For a long time I have resisted the temptation to write about politics. Personally, I hate politics, it always looks as if everyone has a secret agenda and whatever you want or decide, someone else will put a stop to it. Yesterday I attended a meeting in support of Ukraine’s EuroMaidan movement. A movement that we now know has had the Ukrainian government topple and the president scrambling to save his greedy ass.

For about 2 and a half years I have blogged on this site with a (then) modern software package. All went well, nothing wrong, but recently (about a week ago) I have upgraded this to the latest version of their program. As a result of this, the site now uses a responsive design, meaning you can see this site on your “device” meaning iPhone, iPad, Android or any other type of tablet and enjoy it with an appropriate layout. The top menu might change its appearance as well as some other elements. All depending on the device you are using to see the site.

This has taken some time to get it right and as a result, the emails going out to subscribers of the blog have gotten mixed up. It seems that you now get emails about “new” posts a few weeks old! Since this is Google’s Feedburner doing the job, I expect this to resolve itself in the next few days or weeks. There is nothing wrong with the site and it is not trying to spam you, it is just a bit mixed up in the dates, it seems.

In the mean time, enjoy the posts, even the older ones!

This post contains pictures of a more personal nature. If you’re not used to that, don’t read this.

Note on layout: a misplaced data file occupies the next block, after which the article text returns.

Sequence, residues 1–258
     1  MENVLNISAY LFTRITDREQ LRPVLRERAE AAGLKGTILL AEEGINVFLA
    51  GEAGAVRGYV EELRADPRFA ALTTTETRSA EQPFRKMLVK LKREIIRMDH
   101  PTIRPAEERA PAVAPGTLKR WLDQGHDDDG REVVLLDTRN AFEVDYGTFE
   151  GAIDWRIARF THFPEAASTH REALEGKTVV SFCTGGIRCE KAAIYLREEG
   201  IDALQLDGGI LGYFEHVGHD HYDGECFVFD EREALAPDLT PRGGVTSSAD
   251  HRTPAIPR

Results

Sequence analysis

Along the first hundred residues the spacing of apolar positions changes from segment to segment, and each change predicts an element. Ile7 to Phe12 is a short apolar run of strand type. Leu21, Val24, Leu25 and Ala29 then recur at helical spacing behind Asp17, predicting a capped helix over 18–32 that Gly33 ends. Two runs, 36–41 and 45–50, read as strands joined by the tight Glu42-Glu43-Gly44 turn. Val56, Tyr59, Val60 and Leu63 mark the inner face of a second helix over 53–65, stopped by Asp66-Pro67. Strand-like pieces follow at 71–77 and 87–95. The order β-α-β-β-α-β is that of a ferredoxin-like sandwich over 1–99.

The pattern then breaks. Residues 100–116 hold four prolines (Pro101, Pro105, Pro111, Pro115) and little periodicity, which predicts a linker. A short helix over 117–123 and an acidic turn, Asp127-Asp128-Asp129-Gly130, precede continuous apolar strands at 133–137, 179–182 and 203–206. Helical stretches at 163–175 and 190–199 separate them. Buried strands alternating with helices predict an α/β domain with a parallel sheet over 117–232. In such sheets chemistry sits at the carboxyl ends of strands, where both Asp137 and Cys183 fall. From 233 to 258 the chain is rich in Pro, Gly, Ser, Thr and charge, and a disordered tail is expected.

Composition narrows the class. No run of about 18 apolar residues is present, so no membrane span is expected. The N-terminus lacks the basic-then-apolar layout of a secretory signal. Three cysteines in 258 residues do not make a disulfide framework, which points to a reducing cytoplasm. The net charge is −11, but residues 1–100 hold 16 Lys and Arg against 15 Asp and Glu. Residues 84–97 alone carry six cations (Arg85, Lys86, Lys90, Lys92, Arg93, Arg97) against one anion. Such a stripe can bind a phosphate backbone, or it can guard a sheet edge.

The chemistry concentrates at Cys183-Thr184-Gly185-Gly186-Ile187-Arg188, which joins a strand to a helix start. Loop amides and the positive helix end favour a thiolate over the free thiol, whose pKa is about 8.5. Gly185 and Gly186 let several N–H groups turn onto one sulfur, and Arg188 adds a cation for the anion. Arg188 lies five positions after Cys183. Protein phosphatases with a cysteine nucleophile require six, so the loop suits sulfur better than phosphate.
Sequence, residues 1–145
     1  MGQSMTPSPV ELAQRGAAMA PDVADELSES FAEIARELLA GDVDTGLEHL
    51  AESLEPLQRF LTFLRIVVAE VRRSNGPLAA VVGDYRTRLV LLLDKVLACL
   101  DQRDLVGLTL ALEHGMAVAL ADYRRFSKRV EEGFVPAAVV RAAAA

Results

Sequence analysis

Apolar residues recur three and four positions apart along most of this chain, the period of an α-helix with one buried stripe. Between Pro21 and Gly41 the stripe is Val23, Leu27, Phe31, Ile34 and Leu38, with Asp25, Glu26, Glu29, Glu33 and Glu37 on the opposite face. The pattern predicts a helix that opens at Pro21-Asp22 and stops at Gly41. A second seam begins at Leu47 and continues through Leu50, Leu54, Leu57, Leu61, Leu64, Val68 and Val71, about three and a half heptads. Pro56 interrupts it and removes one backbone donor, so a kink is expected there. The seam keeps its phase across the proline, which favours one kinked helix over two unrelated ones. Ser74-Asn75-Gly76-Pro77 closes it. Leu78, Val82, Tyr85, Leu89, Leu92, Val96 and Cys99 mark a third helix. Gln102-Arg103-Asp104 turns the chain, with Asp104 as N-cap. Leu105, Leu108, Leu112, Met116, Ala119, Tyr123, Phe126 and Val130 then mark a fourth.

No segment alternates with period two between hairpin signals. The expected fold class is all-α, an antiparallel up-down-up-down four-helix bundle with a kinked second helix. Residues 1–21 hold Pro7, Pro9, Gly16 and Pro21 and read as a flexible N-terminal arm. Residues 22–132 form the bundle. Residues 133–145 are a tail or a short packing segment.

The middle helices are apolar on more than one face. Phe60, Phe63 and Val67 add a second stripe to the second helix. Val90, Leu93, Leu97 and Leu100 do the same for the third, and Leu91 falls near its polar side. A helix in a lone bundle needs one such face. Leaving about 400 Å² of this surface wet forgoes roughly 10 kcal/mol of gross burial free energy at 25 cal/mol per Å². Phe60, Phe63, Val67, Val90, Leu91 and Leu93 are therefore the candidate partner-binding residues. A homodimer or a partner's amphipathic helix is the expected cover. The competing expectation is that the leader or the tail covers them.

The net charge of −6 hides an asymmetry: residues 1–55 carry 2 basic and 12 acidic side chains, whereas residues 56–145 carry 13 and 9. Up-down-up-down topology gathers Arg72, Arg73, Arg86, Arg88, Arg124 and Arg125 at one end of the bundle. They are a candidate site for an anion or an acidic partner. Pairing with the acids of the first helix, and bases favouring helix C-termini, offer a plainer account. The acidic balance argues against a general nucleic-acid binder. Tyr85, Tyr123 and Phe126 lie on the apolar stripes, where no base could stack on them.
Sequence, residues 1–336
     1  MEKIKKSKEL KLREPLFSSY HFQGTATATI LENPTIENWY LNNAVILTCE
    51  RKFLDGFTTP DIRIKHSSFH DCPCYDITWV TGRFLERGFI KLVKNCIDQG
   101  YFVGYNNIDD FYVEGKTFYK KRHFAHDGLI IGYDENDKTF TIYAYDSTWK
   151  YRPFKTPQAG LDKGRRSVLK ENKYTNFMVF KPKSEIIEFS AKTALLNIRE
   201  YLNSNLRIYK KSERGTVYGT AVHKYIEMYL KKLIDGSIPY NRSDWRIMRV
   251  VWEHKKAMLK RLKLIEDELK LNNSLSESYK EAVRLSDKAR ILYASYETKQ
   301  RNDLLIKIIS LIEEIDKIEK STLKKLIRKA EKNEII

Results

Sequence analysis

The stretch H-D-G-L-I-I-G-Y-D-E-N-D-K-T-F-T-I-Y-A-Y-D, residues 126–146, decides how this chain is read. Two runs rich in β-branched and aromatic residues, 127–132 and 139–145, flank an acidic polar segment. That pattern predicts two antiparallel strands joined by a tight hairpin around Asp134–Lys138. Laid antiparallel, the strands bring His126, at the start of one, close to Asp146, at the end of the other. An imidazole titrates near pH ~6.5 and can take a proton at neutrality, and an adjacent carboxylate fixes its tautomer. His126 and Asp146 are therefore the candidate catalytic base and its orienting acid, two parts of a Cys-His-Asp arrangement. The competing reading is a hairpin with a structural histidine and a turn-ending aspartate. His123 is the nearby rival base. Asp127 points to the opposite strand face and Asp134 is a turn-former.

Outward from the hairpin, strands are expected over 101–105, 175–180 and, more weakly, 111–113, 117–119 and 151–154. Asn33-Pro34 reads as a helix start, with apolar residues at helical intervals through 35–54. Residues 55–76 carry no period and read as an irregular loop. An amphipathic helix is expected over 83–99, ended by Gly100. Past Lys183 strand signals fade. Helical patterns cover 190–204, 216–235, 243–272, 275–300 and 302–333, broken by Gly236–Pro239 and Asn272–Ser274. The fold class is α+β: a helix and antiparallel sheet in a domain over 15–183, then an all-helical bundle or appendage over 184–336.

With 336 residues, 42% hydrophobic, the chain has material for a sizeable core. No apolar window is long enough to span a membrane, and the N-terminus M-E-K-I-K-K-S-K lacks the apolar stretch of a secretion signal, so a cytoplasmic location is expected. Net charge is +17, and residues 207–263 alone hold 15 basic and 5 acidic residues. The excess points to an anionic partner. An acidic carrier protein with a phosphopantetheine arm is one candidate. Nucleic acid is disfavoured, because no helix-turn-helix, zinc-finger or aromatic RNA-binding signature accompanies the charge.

On January 18, 2013 I felt a bit strange. Now you’ll tell me that that’s no surprise, but this time it was. For a while already I had been warned by my doctor that my blood pressure was a bit too high. High Blood pressure comes with risks. One of the risks is stroke.

A very good friend of mine in Holland had been in coma after a stroke since a week before Christmas and had just woken up. Not in the best of shapes either. No walking, no talking and worst of all, apparently no memories either. He had had a severe stroke due to, among other things, high blood pressure.

For a long, very long time I was convinced that Windows Live Writer stripped the EXIF data from my photos. So I tried some plugins (PhotoMetis) that will read the EXIF data and paste it below your pictures as a title. Not the best solution either. I like to show the title as *I* decide, not the way some plugin decides to write it.

So, like many, I searched the internet, arrived on the social Microsoft forum, where there is a latest message that the developers “will look into the issue”. The message dates from somewhere in 2008. Not the best of promises. Nothing appears to have been done, no more messages about the issue anywhere. So, either it has been resolved, or nothing has been done. As I saw no EXIF data, even in the latest version of WLW, my thoughts were that nothing had been done.

Ok, it’s not often I write about the more technical side of photography, even less about the computer part of it. Whoever takes digital pictures of has scanned his paper pictures of even the negatives will have found himself in this situation.

Hard Disk Full

Hmm, definitely not the best situation to find yourself in.

Many people have come across this problem with the Garmin Etrex series. After about a year of normal use, the rubber band around the Etrex is coming loose. Not just because it has been in a warm car or has been left in the sun. I live in Winnipeg, and hot weather is not part of the climate here.

So, my rubber band came loose. First a little bit, then a little more and then completely loose. Well, loose… The gooey, sticky glue of the seal between that rubber band and the plastic housing of the Etrex simply kept sticking to my hands.

At some point it was not possible to touch the %^&* thing without having to wipe my hands afterwards!

So I decided to do something about it. 5 months after the first symptoms.